Muscle pH value is considered to be an important flesh quality parameter and low initial pH post-mortem could be responsible for the deterioration of flesh quality in fish [34]. In the present study, the muscle pH was lower in the Ile-deficient group and significantly increased with higher dietary Ile levels up to 6.6–12.5 g/kg diet, which noted that appropriate Ile improved the muscle pH to prevent flesh quality deterioration in fish. The suppression of lactate accumulation in fish muscle by Ile may contribute to the improvement of muscle pH. Studies on Atlantic salmon implied that the decrease of muscle pH value was ascribed to the lactate accumulation [10]. Our study showed that Ile deficiency induced an elevation of lactate concentration in young grass carp muscle and that when supplement Ile was administered at an adequate level, the elevation was reversed. Additionally, a negative correlation was observed between the pH value and lactate concentration (r = −0.810, P = 0.051), which suggested that Ile may have partially improved the muscle pH value by reducing lactate concentration in fish. The inhibition effect of Ile on lactic acid accumulation may be related to the reduced lactate dehydrogenase release in fish muscle. Lactate dehydrogenase is a key enzyme in lactic acid biosynthesis during anaerobic respiration [47]. The first step in Ile catabolism is transamination, which leads to the production of KMV [48]. KMV has been reported to attenuate lactate dehydrogenase release in rat neuron cells [16]. However, whether Ile suppressed the lactic acid accumulation by decreasing the lactate dehydrogenase release in fish muscle warrants additional investigation. The muscle pH value decline was typically accompanied by muscle softening and water loss in fish [49].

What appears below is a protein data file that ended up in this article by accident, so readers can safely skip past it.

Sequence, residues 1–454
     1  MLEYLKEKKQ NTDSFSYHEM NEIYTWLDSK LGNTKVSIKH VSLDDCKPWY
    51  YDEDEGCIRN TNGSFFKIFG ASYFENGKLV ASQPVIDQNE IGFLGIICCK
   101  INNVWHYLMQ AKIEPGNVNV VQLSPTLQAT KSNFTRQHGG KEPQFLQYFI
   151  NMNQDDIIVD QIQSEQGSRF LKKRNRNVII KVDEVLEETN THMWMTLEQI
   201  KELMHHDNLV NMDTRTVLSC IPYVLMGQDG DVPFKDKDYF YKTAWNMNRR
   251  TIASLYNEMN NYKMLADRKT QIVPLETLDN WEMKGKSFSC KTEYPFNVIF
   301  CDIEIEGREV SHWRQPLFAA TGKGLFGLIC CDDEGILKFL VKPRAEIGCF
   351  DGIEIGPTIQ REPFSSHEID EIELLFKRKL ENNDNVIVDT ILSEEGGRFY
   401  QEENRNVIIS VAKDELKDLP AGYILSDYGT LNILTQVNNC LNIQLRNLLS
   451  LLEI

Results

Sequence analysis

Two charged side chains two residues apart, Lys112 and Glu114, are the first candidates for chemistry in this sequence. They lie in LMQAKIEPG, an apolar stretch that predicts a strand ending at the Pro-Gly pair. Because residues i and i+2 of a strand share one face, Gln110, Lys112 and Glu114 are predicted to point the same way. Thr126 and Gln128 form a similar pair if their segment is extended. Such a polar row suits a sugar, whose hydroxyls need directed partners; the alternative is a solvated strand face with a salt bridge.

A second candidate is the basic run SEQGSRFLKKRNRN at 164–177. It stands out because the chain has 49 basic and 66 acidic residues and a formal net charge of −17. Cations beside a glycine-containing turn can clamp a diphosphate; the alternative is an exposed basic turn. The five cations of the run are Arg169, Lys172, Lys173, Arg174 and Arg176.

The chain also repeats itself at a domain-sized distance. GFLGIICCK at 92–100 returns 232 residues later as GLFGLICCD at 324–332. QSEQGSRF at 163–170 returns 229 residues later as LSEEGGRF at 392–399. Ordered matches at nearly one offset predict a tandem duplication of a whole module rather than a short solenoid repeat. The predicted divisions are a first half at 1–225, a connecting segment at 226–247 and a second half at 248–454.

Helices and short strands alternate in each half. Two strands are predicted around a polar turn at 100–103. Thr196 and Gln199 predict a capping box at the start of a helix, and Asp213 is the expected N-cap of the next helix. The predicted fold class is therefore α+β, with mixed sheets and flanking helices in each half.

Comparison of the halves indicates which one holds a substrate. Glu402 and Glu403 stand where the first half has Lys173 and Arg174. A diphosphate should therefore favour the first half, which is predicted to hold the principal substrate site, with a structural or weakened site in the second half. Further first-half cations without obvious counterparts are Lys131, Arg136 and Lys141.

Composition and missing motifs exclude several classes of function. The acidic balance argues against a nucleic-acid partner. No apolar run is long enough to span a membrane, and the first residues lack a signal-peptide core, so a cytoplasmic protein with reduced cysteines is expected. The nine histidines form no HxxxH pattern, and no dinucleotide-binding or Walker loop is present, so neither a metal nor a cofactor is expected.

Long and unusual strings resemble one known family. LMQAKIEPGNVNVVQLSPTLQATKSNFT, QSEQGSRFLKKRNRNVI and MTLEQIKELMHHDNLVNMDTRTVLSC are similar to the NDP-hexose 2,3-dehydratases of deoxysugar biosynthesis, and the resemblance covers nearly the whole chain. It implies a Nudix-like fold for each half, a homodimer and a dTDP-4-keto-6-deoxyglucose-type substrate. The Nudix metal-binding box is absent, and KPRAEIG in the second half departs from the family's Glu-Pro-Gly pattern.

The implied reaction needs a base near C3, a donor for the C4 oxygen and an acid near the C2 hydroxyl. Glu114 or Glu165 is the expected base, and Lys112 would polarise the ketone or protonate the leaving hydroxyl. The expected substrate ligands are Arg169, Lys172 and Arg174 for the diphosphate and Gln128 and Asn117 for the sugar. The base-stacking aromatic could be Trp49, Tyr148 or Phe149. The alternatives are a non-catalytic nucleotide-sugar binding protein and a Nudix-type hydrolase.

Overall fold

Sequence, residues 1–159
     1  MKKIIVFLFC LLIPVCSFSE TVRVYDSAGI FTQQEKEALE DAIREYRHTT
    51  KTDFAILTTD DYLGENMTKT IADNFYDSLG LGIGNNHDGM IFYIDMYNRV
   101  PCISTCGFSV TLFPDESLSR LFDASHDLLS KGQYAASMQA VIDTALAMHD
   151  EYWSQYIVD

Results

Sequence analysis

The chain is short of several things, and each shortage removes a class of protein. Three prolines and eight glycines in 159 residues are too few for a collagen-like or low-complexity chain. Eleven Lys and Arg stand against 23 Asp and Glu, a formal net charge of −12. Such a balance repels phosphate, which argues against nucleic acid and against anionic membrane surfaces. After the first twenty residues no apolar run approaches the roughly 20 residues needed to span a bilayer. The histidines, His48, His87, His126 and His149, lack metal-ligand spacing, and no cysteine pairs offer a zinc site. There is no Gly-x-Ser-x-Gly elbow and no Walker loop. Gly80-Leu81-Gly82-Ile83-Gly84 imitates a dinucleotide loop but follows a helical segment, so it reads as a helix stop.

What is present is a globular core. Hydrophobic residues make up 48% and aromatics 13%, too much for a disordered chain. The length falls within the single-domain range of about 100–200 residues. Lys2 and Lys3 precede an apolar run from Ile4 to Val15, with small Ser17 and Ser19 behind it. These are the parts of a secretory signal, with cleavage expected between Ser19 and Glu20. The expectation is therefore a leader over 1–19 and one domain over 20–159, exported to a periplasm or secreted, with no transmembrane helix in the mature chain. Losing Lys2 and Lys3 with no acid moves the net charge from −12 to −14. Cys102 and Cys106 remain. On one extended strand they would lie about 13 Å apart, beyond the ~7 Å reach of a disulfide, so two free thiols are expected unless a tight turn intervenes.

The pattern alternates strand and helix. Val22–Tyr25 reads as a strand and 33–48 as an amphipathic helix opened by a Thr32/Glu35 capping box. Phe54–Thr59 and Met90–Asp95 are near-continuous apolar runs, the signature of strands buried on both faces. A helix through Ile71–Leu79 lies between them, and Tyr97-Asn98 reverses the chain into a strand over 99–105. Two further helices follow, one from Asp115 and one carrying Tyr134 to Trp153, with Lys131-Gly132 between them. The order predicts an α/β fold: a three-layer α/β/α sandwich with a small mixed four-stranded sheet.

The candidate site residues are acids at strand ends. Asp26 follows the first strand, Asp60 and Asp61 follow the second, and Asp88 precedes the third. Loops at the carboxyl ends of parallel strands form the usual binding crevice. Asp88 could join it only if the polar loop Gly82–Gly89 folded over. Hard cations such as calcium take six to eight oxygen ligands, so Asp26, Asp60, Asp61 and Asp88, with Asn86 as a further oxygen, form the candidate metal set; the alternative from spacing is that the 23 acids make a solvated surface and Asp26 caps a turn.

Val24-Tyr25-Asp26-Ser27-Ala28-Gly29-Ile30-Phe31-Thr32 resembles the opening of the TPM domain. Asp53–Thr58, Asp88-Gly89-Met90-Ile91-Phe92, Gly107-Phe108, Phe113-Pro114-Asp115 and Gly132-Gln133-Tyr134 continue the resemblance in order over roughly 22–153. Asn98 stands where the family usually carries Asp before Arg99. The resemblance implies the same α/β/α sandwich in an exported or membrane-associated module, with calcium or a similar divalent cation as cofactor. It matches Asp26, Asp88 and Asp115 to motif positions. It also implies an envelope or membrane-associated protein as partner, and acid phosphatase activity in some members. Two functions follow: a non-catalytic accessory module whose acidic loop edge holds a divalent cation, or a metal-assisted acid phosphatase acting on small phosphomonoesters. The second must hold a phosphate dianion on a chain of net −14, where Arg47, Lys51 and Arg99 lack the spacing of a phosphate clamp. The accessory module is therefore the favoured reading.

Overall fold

Muscle firmness and WHC are two important flesh quality parameters and the decline of these parameters is usually regarded as an indicator of quality loss in fish fillet [34]. In this study, Ile deficiency (3.8 g Ile/kg diet) and excess (18.5 g Ile/kg diet) led to a drop in young grass carp muscle shear force by approximately 20% and 30% compared with 9.3 g Ile/kg diet group, respectively. Meanwhile, Ile deficiency and excess caused an increase in muscle cooking loss to nearly 24% and 26% above 12.5 g Ile/kg diet group, respectively. The relationships between shear force, cooking loss and dietary Ile levels were described by the following quadratic equations, respectively: Yshear force = −0.006x2+0.13x+1.440, R2 = 0.830, P = 0.070; Ycooking loss = 0.115x2−3.108x+33.402, R2 = 0.854, P = 0.056, indicating that appropriate Ile supplementation could enhance muscle firmness and WHC, thereby improving fish flesh quality. Ile-enhanced firmness and WHC in fish muscle may be attributed to the decreased cathepsin activities. Cathepsin B and L played a key role in fish muscle degradation [35]. The muscle degradation could lead to the fillet softening in Atlantic salmon [34] and fillet water loss in sardine (Sardine pilchardus) [13]. In our study, Ile deficiency and excess induced the enhancement of cathepsin B and L activities in young grass carp muscle, whereas 9.3–12.5 g Ile/kg supplementation could prevent this enhancement, suggesting that optimal Ile could reduce activities of cathepsin B and L in fish muscle. As shown in Table 7, the correlation analysis indicated that muscle shear force was negatively and cooking loss was positively related to the cathepsin B and L activities, demonstrating that Ile enhanced fish muscle firmness and WHC in part by decreasing cathepsin B and L activities. Additionally, the enhanced firmness and WHC in this study may be observed because Ile elevated collagen content in fish muscle. It was implied that the high collagen content contributed to muscle firmness in Atlantic salmon [50]. Ofstad et al. [51] demonstrated that collagen glued together the muscle fibers and fiber bundles, which contributed to water holding of fish muscle. In the present study, compared with Ile deficiency and excess, optimal dietary Ile supplementation increased collagen content in young grass carp muscle. The correlation analysis showed that the muscle shear force was positively and cooking loss was negatively correlated to the collagen content (Table 7), suggesting that Ile-enhanced firmness and WHC may be in part attributed to the increased collagen content in fish muscle. Moreover, the positive effect of Ile on firmness may be correlated with the increased glutamic acid content in fish muscle. Larsson et al. [8] indicated that glutamate supplementation resulted in firmer fillets in Atlantic salmon. In this study, young grass carp that were fed Ile deficient and excessive diets had lower glutamic acid contents in the muscle than fish that were fed 6.6–15.2 g Ile/kg diet, demonstrating that appropriate Ile elevated glutamic acid content in fish muscle. As shown in Table 7, a positive correlation was observed between muscle shear force and glutamic acid content, which suggested that Ile improved fish muscle firmness in part by increasing the glutamic acid content in fish muscle. All together, the data showed that appropriate dietary Ile could improve grass carp flesh quality. Several studies have demonstrated that the ROS-caused oxidative damage of lipids and proteins was suggested to be a major cause of flesh quality loss in fish [31].